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 No.1072228

File: 1611384052361.png (1.21 MB, 1000x800, 5:4, twilight_sparkle_by_yakovl….png) ImgOps Google

I had a dream and wrote it down as best as I can remember it.

They say when you die, your entire life flashes before your eyes. That’s true, but it doesn’t always all happen in the moment before your death. Humans have a sixth sense that can see into the metaphysical realm. It can see around corners, across vast distances, and even into the future. The day you die, sometimes, you think about your entire life—mostly your biggest successes and greatest mistakes—until it reaches up to the present, and then you die. That’s what happened today. This is the story about the day I died.

It started out like any other day. I woke up, put on my school uniform, grabbed my books, bag, key, and train pass, and headed out the door. I always hated having breakfast at home, so I stopped by a local noodle shop.

It was a popular spot for students, being right next to the train station. Well, the old train station. The new one was a few blocks down; police had discovered a set of caves leading off one of the tracks, and the station owner decided it could be a tourist attraction. The station owner also happened to own the noodle I was sitting in, so there was a wide stairway down into the station.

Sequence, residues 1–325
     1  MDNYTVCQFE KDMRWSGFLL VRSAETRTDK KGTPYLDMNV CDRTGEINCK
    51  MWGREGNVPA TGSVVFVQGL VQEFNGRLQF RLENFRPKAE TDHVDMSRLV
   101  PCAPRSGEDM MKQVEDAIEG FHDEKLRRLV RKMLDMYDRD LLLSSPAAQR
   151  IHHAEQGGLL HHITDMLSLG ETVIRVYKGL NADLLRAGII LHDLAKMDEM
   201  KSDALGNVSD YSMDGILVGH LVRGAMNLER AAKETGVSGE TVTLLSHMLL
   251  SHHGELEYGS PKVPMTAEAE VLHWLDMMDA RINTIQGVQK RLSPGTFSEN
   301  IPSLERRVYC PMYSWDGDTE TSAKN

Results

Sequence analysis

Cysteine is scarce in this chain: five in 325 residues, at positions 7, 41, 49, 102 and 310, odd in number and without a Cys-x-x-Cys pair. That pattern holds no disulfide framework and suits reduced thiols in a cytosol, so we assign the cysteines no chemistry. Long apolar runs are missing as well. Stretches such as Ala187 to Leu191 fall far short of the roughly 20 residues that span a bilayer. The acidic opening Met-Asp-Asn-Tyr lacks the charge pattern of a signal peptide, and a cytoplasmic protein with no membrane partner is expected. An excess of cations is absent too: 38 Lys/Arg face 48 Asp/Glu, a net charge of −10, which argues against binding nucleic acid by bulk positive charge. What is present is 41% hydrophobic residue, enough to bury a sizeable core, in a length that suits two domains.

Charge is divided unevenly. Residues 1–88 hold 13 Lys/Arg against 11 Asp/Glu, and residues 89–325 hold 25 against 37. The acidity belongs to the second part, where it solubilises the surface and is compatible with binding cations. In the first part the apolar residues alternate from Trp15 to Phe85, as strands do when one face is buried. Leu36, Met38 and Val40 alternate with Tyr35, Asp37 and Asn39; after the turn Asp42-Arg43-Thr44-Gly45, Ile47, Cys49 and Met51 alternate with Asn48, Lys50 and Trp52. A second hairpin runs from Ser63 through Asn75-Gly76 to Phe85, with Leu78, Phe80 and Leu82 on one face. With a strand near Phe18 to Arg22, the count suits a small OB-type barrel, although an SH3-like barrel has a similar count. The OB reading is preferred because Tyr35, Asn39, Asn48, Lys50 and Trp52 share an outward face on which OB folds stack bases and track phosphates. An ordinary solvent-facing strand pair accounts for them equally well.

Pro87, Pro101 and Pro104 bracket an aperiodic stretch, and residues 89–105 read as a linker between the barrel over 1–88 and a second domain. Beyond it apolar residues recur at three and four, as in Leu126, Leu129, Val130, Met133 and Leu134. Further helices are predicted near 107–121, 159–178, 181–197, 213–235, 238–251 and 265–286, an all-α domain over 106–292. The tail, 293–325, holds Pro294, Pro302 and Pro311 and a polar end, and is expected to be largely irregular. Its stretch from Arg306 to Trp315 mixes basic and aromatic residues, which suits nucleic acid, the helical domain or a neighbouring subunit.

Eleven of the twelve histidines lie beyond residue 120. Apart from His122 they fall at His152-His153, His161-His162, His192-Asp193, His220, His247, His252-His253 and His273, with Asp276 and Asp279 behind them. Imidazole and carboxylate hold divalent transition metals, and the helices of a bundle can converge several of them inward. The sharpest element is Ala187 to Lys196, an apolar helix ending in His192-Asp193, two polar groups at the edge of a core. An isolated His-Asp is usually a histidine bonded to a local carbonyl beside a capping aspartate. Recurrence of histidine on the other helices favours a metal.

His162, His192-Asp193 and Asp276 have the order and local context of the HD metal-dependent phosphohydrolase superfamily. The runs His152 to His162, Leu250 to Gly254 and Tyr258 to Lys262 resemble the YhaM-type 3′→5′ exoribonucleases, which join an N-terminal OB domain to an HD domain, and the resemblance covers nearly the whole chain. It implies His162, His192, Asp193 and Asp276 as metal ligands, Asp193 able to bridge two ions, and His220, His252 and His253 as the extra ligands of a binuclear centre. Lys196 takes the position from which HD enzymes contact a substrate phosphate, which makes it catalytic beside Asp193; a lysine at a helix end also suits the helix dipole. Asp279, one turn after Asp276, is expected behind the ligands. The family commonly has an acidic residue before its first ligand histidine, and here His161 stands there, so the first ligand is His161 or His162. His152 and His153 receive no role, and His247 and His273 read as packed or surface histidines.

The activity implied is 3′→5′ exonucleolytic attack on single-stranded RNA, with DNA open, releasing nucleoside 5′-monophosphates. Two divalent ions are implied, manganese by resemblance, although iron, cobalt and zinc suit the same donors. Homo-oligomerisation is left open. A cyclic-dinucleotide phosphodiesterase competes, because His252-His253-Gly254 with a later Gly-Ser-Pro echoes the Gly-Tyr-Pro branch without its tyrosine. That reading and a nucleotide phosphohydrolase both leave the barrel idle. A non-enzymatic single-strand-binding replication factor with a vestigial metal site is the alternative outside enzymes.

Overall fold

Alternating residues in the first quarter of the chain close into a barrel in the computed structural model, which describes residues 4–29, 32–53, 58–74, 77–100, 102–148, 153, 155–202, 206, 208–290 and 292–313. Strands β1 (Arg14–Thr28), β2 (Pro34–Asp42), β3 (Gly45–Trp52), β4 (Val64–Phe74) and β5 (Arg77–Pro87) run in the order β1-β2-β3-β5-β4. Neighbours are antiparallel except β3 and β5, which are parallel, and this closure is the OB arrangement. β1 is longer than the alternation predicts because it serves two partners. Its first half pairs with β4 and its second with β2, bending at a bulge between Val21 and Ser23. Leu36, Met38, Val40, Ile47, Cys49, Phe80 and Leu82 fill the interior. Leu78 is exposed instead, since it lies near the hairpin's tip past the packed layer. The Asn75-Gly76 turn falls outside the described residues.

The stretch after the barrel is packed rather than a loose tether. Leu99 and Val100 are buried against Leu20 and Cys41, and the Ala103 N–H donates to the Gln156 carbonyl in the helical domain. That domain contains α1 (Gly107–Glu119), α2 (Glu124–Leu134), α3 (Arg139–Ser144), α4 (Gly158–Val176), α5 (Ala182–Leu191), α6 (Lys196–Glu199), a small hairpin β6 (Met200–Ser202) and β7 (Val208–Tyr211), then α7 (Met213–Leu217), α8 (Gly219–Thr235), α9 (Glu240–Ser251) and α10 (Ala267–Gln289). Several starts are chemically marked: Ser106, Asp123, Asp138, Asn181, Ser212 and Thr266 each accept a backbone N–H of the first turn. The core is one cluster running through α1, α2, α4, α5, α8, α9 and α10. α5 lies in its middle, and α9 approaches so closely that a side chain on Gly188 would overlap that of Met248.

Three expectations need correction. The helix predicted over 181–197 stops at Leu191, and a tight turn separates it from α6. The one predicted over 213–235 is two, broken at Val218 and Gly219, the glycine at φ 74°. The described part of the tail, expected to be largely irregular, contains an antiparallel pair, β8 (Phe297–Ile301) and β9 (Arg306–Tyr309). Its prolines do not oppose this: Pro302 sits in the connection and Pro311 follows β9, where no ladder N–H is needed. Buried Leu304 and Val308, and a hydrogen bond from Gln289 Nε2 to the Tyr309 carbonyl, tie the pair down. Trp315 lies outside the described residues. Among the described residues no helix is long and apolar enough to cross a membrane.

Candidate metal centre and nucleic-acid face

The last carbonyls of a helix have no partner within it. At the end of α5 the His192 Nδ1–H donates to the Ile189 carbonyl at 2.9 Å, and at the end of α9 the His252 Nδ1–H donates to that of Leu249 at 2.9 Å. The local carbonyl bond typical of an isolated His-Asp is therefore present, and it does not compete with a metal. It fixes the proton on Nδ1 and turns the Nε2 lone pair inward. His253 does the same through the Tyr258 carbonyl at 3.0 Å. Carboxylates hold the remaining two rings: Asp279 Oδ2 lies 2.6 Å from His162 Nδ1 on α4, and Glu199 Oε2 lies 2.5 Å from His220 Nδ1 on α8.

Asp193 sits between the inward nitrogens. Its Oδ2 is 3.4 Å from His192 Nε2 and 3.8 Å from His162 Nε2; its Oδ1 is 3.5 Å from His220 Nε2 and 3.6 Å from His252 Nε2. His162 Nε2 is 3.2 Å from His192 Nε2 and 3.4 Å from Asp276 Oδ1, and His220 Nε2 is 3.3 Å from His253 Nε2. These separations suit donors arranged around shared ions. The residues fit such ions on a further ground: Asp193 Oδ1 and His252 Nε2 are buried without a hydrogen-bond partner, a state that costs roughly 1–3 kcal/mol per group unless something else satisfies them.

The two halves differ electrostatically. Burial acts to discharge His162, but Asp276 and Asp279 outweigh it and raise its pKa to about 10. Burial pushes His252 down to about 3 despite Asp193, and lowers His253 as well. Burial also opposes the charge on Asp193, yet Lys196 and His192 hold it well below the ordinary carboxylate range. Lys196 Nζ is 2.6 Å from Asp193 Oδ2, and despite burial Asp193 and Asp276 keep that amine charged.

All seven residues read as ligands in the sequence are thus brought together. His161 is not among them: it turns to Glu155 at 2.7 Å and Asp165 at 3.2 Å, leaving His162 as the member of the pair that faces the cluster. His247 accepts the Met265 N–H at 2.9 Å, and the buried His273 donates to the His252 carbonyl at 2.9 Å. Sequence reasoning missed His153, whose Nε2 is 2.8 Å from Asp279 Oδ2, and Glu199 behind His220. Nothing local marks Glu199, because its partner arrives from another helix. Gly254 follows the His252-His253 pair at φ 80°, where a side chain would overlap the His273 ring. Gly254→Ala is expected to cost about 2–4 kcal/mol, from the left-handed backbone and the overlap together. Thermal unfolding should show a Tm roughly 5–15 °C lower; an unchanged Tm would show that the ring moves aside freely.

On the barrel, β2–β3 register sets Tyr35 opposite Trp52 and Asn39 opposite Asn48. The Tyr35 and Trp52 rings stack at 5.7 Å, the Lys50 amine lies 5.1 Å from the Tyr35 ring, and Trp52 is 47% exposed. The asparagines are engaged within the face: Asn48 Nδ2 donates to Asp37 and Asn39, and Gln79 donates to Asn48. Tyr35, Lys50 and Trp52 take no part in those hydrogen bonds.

I ordered a bowl of noodles and wandered down the stairs while I waited. It always took about 15 minutes, and my train wasn’t for another 20. Perhaps if we were closer to the city it would be faster. My feet wandered down the old path I used to take before the noodle shop opened, carrying me away from the tracks, and toward an un-tiled section of the wall, where you could reach out and touch the bare rock, if it weren’t fenced off. Behind the fenced off area was a large crack in the wall. Though perhaps crack is a loose word. You could easily walk through it, but it was pretty much what you might imagine when thinking of a mountain cave. Jagged, sloping sides coming to a point near the top, almost as though someone had cut it with a knife.

On the wall next to the crack, but behind the fence, was a metal plate titled “Hatawete Cavern”. IT talked about a girl named Suzumi Hatawete who had died in the caverns beyond this crack in the wall, by falling to her death. Her body was lost in the caverns, and is probably still down there somewhere. I don’t know if anything lives down that far. What it didn’t say, what I knew, and most people didn’t, was where she died.